There's something about Brimstone Woodfire Grill on the westernmost stretch of Pines Boulevard that screams "chain restaurant." Perhaps it's the giant, glowing red logo stamped across the top of the establishment's enormous stacked stone façade? The sprawling 200-seat dining room? The familiar Americanized menu with its mix of seafood, steaks, and flatbreads? Or the fact that it's anchored at the corner of a large, open-air shopping mall?
Whatever it is, it's too bad. The thing is, Brimstone Woodfire Grill is not a chain. Rather, it's the first in a family of three concepts owned and operated by Brimstone WFG Holding Co., part of Jeffrey R. Anderson Real Estate Inc., a family-owned real estate development company based in Cincinnati. Its sister establishments are Piñon Grill in Boca Raton and Grill 401 off Las Olas Boulevard in downtown Fort Lauderdale.
According to the company's vice president of development, J.R. Anderson, the company created Brimstone Woodfire Grill in its quest to offer an upmarket concept at the Shops at Pembroke Gardens shopping plaza, which is owned by the real estate company.
"We are developers at heart, but food is something we are very passionate about," says Anderson. "We recognized a void in the market for fresh, quality dining that focused not only on quality but high service standards. At the time, we had one remaining freestanding restaurant [at the Shops]."
After considering several chains, the group decided to create its own concept. The original goal wasn't to open multiple locations, but after success with Brimstone, the creative team was hooked. Today, the group is looking to expand with more new concepts throughout Broward and Dade counties.
Brimstone opened seven years ago, 11 miles west of Interstate 95; as one of the only upscale dining options in Pembroke Pines, it quickly became a popular spot for casual fine dining, catering to the county's legions of weekend warriors eager to enjoy the restaurant's sprawling outdoor patio — outfitted with comfy couches, dozens of tables, a large island bar, and live music — and drink away a sunny afternoon.
Under the shade of a newly constructed patio awning, a roaming area cooled by dozens of fans, you can enjoy a craft cocktail, beer, or glass of wine. The best choice: the margarita flight created by beverage manager Jodi Patten, several four-ounce drinks that include a pineapple mango, strawberry, blood orange, and classic margarita made with Casamigos tequila.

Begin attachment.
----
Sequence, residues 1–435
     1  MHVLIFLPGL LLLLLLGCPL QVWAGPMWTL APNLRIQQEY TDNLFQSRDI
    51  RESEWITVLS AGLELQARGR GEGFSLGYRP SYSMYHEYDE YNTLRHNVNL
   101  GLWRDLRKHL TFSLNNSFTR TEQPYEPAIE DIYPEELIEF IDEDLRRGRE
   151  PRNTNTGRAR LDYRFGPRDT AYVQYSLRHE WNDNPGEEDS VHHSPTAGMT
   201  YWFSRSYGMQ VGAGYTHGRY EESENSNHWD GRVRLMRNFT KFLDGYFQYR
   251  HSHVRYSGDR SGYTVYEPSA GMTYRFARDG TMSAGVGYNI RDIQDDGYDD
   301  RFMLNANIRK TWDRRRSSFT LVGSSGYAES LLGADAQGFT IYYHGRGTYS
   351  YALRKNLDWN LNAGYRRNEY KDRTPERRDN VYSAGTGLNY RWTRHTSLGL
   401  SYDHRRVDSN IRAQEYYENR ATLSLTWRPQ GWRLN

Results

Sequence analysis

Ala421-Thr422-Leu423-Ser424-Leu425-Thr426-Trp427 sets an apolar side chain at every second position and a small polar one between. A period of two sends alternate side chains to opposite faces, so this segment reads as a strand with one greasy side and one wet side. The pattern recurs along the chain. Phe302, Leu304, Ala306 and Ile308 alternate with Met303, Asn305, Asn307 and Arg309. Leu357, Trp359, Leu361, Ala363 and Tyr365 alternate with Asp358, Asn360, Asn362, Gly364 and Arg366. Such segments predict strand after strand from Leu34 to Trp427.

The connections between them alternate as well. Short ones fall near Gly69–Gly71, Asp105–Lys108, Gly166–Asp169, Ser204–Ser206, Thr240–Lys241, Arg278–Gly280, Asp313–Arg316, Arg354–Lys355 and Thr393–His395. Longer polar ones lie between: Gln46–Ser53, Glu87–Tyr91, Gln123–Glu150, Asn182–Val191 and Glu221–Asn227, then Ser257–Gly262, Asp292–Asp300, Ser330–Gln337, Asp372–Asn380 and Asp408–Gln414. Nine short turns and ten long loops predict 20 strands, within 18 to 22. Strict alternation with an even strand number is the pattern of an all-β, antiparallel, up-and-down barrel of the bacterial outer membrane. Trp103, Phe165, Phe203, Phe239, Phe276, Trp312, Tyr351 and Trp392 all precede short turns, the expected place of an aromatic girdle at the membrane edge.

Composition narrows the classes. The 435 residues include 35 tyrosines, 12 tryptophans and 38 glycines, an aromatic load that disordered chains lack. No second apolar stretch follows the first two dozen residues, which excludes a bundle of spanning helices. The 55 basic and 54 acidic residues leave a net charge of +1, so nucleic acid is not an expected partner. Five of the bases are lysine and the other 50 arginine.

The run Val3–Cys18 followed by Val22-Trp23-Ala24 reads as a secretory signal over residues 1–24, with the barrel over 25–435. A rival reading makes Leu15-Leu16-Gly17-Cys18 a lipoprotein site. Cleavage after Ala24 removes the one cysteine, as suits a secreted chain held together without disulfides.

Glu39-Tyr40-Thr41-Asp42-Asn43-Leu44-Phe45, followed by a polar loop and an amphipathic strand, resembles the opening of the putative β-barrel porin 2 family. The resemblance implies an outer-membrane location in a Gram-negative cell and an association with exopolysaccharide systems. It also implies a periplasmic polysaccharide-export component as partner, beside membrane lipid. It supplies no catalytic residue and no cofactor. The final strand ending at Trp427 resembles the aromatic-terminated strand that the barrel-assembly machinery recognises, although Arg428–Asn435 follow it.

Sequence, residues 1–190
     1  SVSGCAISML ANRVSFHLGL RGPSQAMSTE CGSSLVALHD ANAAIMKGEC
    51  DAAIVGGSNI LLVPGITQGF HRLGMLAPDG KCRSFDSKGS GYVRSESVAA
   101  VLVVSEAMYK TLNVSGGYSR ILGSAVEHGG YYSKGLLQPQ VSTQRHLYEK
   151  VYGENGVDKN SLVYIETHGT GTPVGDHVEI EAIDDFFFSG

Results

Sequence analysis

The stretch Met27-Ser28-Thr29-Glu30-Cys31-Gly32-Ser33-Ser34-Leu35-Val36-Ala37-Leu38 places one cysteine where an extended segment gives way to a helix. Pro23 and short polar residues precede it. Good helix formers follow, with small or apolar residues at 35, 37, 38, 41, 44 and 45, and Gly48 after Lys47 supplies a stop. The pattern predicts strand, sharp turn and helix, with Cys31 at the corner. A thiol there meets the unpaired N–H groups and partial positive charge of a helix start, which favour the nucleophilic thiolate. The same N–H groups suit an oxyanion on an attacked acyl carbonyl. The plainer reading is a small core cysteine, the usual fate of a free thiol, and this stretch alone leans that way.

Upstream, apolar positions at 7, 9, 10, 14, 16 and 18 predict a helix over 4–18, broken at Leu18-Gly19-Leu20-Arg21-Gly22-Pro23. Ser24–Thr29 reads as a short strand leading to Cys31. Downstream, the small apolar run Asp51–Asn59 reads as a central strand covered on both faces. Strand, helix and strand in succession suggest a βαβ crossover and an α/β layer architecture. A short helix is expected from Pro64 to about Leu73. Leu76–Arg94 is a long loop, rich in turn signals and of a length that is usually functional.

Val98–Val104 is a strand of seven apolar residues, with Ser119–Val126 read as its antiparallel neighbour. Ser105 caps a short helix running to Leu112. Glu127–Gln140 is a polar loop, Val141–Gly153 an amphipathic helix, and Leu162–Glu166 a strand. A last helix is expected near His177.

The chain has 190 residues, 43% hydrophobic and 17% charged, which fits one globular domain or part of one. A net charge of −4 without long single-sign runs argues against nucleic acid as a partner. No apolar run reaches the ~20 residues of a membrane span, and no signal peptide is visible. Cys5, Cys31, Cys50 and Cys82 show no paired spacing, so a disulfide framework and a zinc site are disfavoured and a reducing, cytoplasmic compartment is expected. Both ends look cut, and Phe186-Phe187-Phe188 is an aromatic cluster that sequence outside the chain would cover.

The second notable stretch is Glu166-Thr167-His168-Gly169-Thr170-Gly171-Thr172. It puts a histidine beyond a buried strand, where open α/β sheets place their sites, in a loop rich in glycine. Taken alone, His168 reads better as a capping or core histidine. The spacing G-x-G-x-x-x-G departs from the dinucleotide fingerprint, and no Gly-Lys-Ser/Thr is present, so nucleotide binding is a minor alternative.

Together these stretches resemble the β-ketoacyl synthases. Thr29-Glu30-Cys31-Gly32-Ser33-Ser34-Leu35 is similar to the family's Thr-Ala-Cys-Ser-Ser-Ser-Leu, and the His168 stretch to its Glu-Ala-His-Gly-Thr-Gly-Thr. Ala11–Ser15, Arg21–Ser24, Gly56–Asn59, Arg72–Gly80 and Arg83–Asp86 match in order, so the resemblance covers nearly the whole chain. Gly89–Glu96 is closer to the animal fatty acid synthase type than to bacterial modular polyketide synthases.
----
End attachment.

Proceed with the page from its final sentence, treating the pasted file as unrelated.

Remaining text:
Executive chef Julio Martinez joined the restaurant in 2010, using his experience from the Yardhouse restaurant chain — as well as high-end service at the Hotel Melia in Puerto Rico — to breathe new life into Brimstone's offerings.
No matter how "big box" this restaurant appears from the outside, the menu prices speak otherwise. Despite some relatively affordable dishes, the majority is made up of pricey entrées, many $25 or more — a high-end hit to the wallet for this western-suburbia neighborhood.
If you're looking to keep lunch affordable, stick to the starters. Martinez gives the ubiquitous tuna tartare appetizer a small twist, assembling the trilayer tower with a healthy dose of crispy wonton chips sandwiched between a heaping pile of chilled cubes of raw tuna and a thick slab of mashed avocado. It is served in a shallow bowl filled with sweet ponzu sauce that serves as a tasty dressing once the tubular stack devolves into a messy pile.
Additional starter items include flatbreads, everything from a classic Margherita with shreds of basil and slivers of tomato to a barbecue chicken pie with Gruyère, cilantro, and red onion, each made with a thin and crispy crust. We opt for the steak tenderloin and mushroom, topped with savory mushrooms, sliced roasted red peppers, and juicy cuts of — yes — filet mignon.
Meat is at the heart of the restaurant's menu — hearty cuts of grass-fed, 35-day wet-aged Angus beef — from the 16-ounce New York strip to a 20-ounce porterhouse. Each is finished in the kitchen's 1,600-degree broiler, and while some will swear a steak is only as good as its seasoning, meat lovers may want to ask the chef to lighten up on the house-blend spices, which can deliver an overly salty crust to an otherwise beautiful cut. Our thick-cut, bone-in rib eye arrives with such a finish, despite being cooked to the desired doneness and bleeding a bounty of succulent juices.
It's hard to swallow the $34 price tag on the Asian sea bass, but we're pleasantly surprised not only with the quality of the cut of fish but also with each of the sides: the sweet pile of mint-scented sticky rice that soaks up the soy-based sauce like a sponge and the mound of perfectly cooked spinach that manages to retain its bright, vegetal crunch.
We're told the restaurant's sweet endings are made in-house, and from scratch, by Martinez. They aren't listed on the menu but include five staples (Key lime pie, bread pudding, carrot cake, chocolate cake, and a brownie sundae) in addition to several weekly specials. Going the straight and narrow, the brownie is our first choice. It would not have been wow-inducing if it weren't for the viscid pool of champagne cream custard it was sitting on, which we mopped up with forkfuls of the gooey-soft chocolate.
Make no mistake, at the end of the meal, Brimstone Woodfire Grill still feels like a chain, no matter how hard you try to convince yourself otherwise. Yet this is likely the very reason it's so popular, because most people like the reliable, comfortable, and efficient experience they get at a chain restaurant. That drink flight, for one, is worth the visit. The patio really is the perfect spot to enjoy a sunny Sunday afternoon, host a business luncheon, or celebrate a special occasion with a dinner party. And for the casual diner, Brimstone offers a solid — if a tad expensive — night on the town.